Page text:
Lastly, the card reminds us to seek inspiration. Hope and optimism flow endlessly, but only when we raise our eyes to the stars. We must remember to look to what inspires us and let that inspiration sustain us.
The Star Card Inverted
The reversed Star card often points to a loss of faith, or an imbalance between body and spirit.
Perhaps the daily grind has led to a loss of hope for someone, or perhaps life's challenges have led to a lack of belief in oneself. Whatever the reason, the card points to fading dreams and a rising feeling of discouragement.
... the card points to fading dreams and a rising feeling of discouragement
When the Star card appears inverted it's often a sign that someone is going through a collapse in optimism — hope has faded, and the outlook may appear bleak.
The Star reminds us that inspiration is always there, but it's up to each of us to seek it out. The Star is always shining, but if we don't seek out inspiration and positivity, we may not see it.
Another meaning of the inverted Star card is that blind hope may have carried on for too long. It's easy to cling to hope for day after day, or year after year, but at some point the necessity for action becomes clear.
Hope itself must be balanced with energy and impetus. While hope will always spring eternal, there are times to change direction and actively follow one's inner voice.
Common Symbols Found On the Star Card
Tarot cards often use a a common symbology to illustrate additional information about how the card should be interpreted. The Star contains at least six well-known, repeating Tarot symbols. Each of these common symbols can add greater levels of meaning to the card.
The symbols which appear on the Star card are:
Water symbolism appears on the Star card:
In Tarot illustrations, water comes in multiple forms — ranging from rain, to secluded pools, to meandering rivers and streams, to endless seas and oceans. While each of these types of water may carry a more specific meaning, water in the simplest terms references emotion, nourishment and our intuitive nature. Water is more commonly found in the Minor Arcana cards, and is more often (but not only) found in Cups cards.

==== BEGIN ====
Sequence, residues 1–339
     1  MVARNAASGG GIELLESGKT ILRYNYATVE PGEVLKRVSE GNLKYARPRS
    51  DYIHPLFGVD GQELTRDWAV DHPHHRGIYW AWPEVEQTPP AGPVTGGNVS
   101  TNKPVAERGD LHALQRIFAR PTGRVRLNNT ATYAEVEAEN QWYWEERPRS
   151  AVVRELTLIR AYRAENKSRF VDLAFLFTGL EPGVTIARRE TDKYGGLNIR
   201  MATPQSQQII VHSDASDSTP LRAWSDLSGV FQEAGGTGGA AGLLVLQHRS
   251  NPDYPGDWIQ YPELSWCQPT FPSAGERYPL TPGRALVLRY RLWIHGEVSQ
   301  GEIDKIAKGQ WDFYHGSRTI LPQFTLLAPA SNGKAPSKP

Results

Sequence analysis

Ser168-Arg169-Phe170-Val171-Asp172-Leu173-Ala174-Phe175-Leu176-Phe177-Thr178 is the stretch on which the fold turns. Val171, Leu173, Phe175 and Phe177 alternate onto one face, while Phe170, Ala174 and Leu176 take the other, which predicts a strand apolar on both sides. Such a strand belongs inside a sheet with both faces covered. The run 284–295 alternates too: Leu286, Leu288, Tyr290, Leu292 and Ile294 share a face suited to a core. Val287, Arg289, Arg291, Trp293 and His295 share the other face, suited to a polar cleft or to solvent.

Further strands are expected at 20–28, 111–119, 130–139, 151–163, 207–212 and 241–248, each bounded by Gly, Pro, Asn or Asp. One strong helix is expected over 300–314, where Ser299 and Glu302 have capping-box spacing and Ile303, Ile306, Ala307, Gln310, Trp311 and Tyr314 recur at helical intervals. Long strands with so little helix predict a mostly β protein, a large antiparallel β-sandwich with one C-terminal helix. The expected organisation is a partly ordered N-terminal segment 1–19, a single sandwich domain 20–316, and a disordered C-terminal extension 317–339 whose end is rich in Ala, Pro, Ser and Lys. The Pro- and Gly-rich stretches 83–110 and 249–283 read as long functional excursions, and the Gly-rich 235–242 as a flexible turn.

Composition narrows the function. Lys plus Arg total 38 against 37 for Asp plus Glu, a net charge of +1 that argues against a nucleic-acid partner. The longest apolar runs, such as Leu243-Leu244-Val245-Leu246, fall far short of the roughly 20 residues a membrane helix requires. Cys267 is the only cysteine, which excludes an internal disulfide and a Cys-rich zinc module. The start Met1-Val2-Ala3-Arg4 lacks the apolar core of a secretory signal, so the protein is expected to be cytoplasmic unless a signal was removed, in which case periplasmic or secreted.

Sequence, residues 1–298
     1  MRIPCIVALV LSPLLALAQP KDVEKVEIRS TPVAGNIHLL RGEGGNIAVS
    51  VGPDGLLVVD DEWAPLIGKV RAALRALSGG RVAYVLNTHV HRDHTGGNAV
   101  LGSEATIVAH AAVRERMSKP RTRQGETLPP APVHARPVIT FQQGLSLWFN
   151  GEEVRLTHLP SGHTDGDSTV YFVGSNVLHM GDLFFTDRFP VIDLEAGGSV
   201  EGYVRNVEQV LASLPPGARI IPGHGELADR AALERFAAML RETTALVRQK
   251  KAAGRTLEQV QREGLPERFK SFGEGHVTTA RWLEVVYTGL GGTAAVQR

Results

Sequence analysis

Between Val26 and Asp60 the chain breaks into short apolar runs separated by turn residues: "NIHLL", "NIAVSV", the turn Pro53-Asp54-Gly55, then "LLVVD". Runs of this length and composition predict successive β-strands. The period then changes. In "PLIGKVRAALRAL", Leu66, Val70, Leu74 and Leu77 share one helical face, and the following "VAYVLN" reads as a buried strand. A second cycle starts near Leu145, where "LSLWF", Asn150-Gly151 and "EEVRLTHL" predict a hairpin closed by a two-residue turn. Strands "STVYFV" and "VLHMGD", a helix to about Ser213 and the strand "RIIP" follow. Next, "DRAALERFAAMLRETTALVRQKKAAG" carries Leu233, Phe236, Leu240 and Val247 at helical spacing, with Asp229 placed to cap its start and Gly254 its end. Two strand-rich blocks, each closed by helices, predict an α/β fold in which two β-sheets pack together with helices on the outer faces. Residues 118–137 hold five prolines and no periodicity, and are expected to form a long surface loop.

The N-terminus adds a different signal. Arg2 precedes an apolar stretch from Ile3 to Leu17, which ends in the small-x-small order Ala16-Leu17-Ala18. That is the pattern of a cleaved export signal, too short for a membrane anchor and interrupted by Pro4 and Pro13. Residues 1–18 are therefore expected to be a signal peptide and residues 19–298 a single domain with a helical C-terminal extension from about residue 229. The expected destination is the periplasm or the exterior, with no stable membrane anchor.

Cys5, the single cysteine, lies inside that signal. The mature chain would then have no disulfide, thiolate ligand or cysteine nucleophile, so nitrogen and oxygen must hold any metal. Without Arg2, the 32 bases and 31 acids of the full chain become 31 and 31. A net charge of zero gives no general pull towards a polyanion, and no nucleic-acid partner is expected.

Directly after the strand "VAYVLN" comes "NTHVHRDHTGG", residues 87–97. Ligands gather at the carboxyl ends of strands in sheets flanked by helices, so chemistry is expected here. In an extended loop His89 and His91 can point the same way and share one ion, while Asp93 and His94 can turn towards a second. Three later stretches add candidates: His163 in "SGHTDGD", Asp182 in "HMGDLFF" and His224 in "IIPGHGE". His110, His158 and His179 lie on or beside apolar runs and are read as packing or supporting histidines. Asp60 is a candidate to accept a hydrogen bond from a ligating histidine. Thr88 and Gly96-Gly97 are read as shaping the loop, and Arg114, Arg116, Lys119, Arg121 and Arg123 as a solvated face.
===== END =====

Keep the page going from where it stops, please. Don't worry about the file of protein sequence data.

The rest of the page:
Pools of Water
Pools of water symbolism appears on the Star card:
More than streams, oceans or rivers — standing pools of water in classic the Tarot deck imply peaceful wellsprings of spiritual energy. Surrounded by signs of life, or manifestations of heavenly power, pools of water often accompany positive messages of creation, replenishment and sustenance.
NOTE: It's worth noting that the golden-haired nymph on the Star card doesn't actually enter the water. Instead, her foot rests upon on the surface, as if she herself is as ephemeral as starlight.
Birds symbolism appears on the Star card:
Birds shown on Tarot artwork generally fall into two distinct categories: Identifiable birds (like eagles, falcons, etc.) and flocks of tiny, unidentifiable birds shown flying far away in the sky. All the court cards from the Suit of Swords fall into the latter category. These tiny birds are a reminder that the Swords suit is connected to the classical element of Air. Although each of the identifiable birds, has its own unique interpretation, birds in a general sense all represent freedom — both a psychological freedom, and freedom from physical barriers.
Green fields symbolism appears on the Star card:
Green fields in Rider-Waite Tarot symbolism generally indicate prosperity, possibility, health and wholesomeness. Although green fields are generally associated with positivity, they are sometimes included on cards with an overall negative message in order to contrast between negative and positive concepts — as shown in the background and foreground of the card.
Trees symbolism appears on the Star card:
In most cases, trees highlight a connection to natural forces and the natural world. Trees are some of the most widely used symbols in the classic Rider-Waite tarot deck. The precise meaning of any one tree depends on the specific Tarot card on which it appears.
NOTE: The single tree shown in The Star tarot card is notable primarily because of the ibis bird which makes a home on its branches. The ibis is the animal representation of the ancient Egyptian god Thoth, who was the deity associated with learning and wisdom.
Night symbolism appears on the Star card:
In much the same way that visibility is better in the daytime than it is during the night, cards which depict a night scene generally share a some connection to the unknown or mystery. The degree of darkness in "nighttime" Tarot illustrations varies. Some "night" cards depict completely dark scenes, while others depict an evening setting or a setting lit by the light of the Moon.